A part of the energy produced by the prosumer is for his own use, the rest is fed into the grid. Depending on the size of the installation, the user later receives 80% (installation up to 10 kW) or 70% (installation up to 50 kW) of this energy at a rebate - without paying the cost of distribution. This cost is covered by the trading company (energy seller). At the same time, it receives 20% or 30% of the energy produced by the prosumer for free and sells it to other consumers.

Change is inevitable

The existing support system and the strategy for micro-installation development need to be rethought due to the entry into force of the Directive on common rules for the internal market for electricity[8]. From the beginning of 2024 prosumers should be billed separately for electricity fed into and taken from the grid. The rebate system is incompatible with this requirement, because the billing for energy used from the grid is directly linked to the discount for energy previously fed in.

What's in the amendment for prosumers?

A number of changes are proposed in the amendment:

  1. Change in the way energy production is remunerated.
    The rebate mechanism is to be replaced by an option to sell energy to the energy vendor. The purchase price from the prosumer is to be equal to the average market price for the previous quarter.
  2. Creation of aggregators.
    Aggregators are companies that can contract multiple prosumers and trade the energy they produce. Aggregators can also use energy storage and be more strategic about selling energy at times of increased demand and higher prices in the short-term market.
  3. Introduce definitions and principles of citizen energy communities.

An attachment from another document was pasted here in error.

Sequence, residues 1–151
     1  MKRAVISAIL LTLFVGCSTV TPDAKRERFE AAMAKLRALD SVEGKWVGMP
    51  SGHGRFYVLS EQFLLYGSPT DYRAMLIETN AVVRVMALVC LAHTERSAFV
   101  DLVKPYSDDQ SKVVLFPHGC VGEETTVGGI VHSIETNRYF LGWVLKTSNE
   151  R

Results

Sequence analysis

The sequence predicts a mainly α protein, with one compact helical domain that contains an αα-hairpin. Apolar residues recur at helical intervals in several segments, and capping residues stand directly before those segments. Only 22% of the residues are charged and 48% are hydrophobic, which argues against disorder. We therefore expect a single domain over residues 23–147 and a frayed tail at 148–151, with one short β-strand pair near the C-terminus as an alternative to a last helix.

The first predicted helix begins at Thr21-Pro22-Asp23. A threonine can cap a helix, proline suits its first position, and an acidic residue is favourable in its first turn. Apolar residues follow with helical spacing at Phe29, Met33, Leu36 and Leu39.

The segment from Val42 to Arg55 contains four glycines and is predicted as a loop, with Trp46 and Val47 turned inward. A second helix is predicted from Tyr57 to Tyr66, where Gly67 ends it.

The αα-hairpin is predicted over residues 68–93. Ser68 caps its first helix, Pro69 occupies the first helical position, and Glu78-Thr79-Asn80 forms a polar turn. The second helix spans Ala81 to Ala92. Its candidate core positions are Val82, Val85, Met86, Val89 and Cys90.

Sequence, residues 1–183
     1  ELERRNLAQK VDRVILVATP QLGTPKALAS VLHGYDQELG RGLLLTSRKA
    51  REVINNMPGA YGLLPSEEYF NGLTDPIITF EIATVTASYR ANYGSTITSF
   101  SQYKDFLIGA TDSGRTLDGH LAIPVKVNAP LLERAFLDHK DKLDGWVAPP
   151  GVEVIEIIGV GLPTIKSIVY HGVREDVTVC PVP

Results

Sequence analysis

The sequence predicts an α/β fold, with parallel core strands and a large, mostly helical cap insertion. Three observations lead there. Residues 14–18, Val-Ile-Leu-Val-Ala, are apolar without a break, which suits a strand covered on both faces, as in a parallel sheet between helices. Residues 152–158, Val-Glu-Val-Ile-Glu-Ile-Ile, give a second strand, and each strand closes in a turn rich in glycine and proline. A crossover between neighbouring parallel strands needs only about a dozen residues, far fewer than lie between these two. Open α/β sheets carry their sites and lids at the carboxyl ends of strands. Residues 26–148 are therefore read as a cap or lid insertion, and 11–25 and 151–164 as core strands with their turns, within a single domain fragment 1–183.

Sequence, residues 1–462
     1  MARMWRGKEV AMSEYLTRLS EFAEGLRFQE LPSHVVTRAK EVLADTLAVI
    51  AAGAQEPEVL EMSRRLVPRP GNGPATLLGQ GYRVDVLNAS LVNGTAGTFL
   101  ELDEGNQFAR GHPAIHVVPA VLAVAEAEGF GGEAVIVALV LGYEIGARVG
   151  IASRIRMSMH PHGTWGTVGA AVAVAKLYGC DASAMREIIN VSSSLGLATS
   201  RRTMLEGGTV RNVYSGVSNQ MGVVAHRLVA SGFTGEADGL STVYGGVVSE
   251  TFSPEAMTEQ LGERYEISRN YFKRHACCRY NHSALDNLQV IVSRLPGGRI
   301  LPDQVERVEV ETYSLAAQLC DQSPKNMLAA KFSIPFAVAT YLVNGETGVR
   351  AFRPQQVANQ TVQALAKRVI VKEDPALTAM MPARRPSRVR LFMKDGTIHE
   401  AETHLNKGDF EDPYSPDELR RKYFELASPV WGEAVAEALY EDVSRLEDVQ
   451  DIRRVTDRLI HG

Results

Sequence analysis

The creation of citizen energy communities is important from the side of balancing local markets, system flexibility and increasing the involvement of different actors in the energy transition. Moreover, similar to aggregators, these communities could, among other things, use energy storage or otherwise optimize energy use and production.
  1. Introduction of dynamic tariffs.
    Allow energy to be billed based on its true value over time - higher prices will occur during increased demand in the grid, and lower prices when consumption is low.

Quo vadis?

Some of the changes are necessary and sensible. However, the final effects of these changes on the development of distributed generation are unknown. The Regulatory Impact Assessment (RIA) fails to analyze the impact of the proposed changes on the further growth of prosumer capacity. There are no declarations regarding the desired volumes of such installations and no analysis of the profitability of investments in the new system.

Thus, the proposed changes raise legitimate concerns because economic viability will determine whether or not the microinstallation market will continue to grow.

How changes in the act will affect the profitability of micro-installation

The cost-effectiveness of microinstallation depends on many factors, including:

  • Installation size - the larger the installation, the cheaper the installation per kW,
  • the cost of the loan - the interest rate,
  • grid electricity prices - the more expensive the electricity, the faster the payback period,
  • the deductibility and rate of the tax credit for the purchase of the installation,
  • grants, such as under the ”MójPrąd” program,